MoneyGram continues digital pivot in response to cryptocurrency
MoneyGram is going big on a digital future, aiming to beat the rush.
The international money transfer industry has been in a state of ongoing technological flux for a while, as new systems constantly emerge to undercut established providers with lower fees and better rates. The relatively sudden rise of cryptocurrency may have added a new note of urgency, with analysts marking the technology as a fundamental paradigm shift.
MoneyGram emerged in its latest incarnation in 2006 to hit the ground running, and it hasn't really stopped since then.
In its Q1 2018 financial report released on 7 May, MoneyGram marked 2018 as a year of change, and a time to get ahead of the game.
"2018 will be a transition year for MoneyGram as we continue to invest and reposition the company to compete in a fast changing environment," said MoneyGram chairman and CEO Alex Holmes. "We are increasing our investments in digital assets as we accelerate our transition to a digitally enabled customer-first organization."
In the first quarter of 2018, MoneyGram started initiating its "Digital Transformation initiative," putting down expenses of $7.3 million in the process, with total costs expected to run to $15 million. This investment in "new digital touch-points" for customers and agents is expected to bring $30 million of expense reductions in 2018, and $45 million annually on completion.
Two of the new initiatives rolled out so far this year include sending money through Facebook messenger, and a partnership with Ripple to explore the potential of moving money as easily as data with XRP, through Ripple's xVia system.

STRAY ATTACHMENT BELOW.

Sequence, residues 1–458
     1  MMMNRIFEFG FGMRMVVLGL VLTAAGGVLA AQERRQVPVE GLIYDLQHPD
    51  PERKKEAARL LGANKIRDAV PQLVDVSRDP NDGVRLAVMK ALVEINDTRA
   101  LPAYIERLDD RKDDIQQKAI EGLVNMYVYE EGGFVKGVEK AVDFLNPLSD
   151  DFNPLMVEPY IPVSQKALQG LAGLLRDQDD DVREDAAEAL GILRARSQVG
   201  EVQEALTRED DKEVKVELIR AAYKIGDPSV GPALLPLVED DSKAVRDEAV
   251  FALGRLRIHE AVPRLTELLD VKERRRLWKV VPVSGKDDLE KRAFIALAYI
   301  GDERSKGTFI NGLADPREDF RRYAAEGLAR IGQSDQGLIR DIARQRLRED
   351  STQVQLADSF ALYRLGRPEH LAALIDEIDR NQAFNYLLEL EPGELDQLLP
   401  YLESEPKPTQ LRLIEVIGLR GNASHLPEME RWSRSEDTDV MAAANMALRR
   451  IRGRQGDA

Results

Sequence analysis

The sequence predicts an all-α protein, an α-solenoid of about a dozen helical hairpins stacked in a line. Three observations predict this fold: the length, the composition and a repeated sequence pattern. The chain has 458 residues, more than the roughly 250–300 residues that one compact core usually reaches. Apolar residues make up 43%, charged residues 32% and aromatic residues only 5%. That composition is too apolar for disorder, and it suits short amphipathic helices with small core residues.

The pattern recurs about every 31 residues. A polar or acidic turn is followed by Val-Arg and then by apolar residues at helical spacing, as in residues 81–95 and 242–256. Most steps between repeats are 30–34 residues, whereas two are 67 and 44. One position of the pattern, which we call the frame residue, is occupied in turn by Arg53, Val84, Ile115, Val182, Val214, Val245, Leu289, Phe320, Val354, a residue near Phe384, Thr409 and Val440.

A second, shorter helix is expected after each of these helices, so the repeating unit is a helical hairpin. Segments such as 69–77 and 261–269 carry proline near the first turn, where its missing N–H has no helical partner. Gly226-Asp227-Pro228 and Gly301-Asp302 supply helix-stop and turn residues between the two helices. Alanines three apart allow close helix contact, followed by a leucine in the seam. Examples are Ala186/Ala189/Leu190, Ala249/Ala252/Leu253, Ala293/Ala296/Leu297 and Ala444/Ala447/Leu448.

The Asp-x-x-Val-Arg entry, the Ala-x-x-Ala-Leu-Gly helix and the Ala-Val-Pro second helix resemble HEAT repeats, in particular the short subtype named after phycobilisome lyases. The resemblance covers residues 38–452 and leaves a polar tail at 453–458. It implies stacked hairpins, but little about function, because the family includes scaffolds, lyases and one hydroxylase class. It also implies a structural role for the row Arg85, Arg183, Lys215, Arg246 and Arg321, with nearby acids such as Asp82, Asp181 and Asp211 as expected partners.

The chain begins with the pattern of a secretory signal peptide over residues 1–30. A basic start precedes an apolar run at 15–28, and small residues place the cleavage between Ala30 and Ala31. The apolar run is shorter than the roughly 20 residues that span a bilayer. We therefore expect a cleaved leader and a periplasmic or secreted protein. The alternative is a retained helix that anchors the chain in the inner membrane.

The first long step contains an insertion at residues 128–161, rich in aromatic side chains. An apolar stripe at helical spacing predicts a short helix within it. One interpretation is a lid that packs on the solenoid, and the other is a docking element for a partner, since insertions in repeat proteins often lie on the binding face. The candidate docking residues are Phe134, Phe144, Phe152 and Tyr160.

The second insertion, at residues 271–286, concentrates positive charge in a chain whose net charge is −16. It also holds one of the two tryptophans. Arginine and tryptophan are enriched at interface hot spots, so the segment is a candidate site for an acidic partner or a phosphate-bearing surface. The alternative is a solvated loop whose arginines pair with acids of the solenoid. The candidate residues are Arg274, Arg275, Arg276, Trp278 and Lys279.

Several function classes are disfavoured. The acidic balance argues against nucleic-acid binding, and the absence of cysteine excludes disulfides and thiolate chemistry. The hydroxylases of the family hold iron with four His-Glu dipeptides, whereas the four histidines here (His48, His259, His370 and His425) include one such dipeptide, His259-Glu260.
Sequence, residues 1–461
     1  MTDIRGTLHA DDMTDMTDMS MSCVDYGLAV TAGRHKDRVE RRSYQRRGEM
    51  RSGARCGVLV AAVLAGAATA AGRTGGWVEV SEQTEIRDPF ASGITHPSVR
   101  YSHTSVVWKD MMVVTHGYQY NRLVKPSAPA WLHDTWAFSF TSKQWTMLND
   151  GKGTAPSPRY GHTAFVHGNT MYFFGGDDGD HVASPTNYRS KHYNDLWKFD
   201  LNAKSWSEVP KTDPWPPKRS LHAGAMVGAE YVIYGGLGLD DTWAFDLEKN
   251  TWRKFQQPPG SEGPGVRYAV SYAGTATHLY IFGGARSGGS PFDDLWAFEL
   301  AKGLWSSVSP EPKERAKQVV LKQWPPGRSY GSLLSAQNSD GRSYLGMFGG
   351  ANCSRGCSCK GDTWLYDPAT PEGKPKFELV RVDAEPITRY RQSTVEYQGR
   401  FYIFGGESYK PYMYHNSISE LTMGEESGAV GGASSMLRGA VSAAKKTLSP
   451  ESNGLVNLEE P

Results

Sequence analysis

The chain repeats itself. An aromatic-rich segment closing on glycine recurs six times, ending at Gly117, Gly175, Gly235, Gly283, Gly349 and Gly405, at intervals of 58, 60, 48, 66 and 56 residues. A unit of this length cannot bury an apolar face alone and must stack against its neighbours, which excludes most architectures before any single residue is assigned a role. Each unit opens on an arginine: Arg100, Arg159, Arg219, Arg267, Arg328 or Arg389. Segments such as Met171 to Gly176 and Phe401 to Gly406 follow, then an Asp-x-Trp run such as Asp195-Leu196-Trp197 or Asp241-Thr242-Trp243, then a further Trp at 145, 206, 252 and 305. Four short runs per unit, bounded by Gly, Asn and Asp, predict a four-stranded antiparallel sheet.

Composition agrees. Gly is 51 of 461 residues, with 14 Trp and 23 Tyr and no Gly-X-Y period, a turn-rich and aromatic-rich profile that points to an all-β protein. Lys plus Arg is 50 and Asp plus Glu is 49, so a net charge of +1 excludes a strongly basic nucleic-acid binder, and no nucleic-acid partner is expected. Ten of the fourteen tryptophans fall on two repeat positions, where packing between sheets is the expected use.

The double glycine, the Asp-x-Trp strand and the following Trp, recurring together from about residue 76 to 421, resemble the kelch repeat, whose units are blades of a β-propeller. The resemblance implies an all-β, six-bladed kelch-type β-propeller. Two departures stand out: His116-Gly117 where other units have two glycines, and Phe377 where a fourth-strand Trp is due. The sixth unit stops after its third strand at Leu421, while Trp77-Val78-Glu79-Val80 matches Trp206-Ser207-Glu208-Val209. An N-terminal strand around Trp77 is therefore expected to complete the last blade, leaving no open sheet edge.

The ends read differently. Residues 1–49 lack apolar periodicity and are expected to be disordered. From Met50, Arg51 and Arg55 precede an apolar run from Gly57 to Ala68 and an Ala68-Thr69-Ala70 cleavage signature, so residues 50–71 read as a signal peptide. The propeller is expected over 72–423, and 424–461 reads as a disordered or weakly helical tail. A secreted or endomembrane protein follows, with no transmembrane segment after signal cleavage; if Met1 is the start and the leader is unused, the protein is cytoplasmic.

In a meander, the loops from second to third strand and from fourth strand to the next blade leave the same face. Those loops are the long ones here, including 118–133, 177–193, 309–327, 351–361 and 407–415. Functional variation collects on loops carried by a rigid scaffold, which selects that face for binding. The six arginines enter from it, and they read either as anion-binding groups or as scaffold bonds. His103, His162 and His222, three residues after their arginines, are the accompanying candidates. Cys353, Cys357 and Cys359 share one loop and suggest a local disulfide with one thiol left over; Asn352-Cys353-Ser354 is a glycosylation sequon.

"Every day blockchain technology is changing the norm and encouraging innovation," Holmes said in January. "Ripple is at the forefront of blockchain technology and we look forward to piloting xRapid. We're hopeful it will increase efficiency and improve services to MoneyGram's customers."
The cost of compliance
One of the effects of cryptocurrency, in addition to simply providing a mechanism that moves money as quickly and easily as data, is to open up the field to a much wider range of players. Some of these are tech companies like IBM, who are taking full advantage of digital money by creating their own cryptocurrency-based payment systems. Others are newer cryptocurrency startups like Coinbase who are most likely angling for a piece of the international money transfer market themselves.
And others are (former) customers, who are already sending money directly peer to peer with fees as low as a fraction of a cent, or zero. Not only is the sector getting more competitive, but it also stands to shrink over time as individual cryptocurrency adoption spreads and wallets get more user-friendly.
This puts MoneyGram and other remittance companies in a race against the clock. And right now, compliance and regulatory obstacles are one of the main barriers to be overcome before they can fully unlock the benefits of cryptocurrency. It's hard to rush regulation, but the next best thing might be to get ahead of the game.
"Our focus on compliance will underpin our future success," Holmes said. "During the quarter, we implemented significant new compliance standards which are above and beyond what is currently required by law and without comparison in the money transfer industry. While these standards are expected to adversely impact transactions and revenue in 2018, we are setting the industry paradigm and intend to be at the forefront of compliance as we lead our business into the future."
Disclosure: At the time of writing the author holds ETH, IOTA, ICX, VEN, XLM, BTC, NANO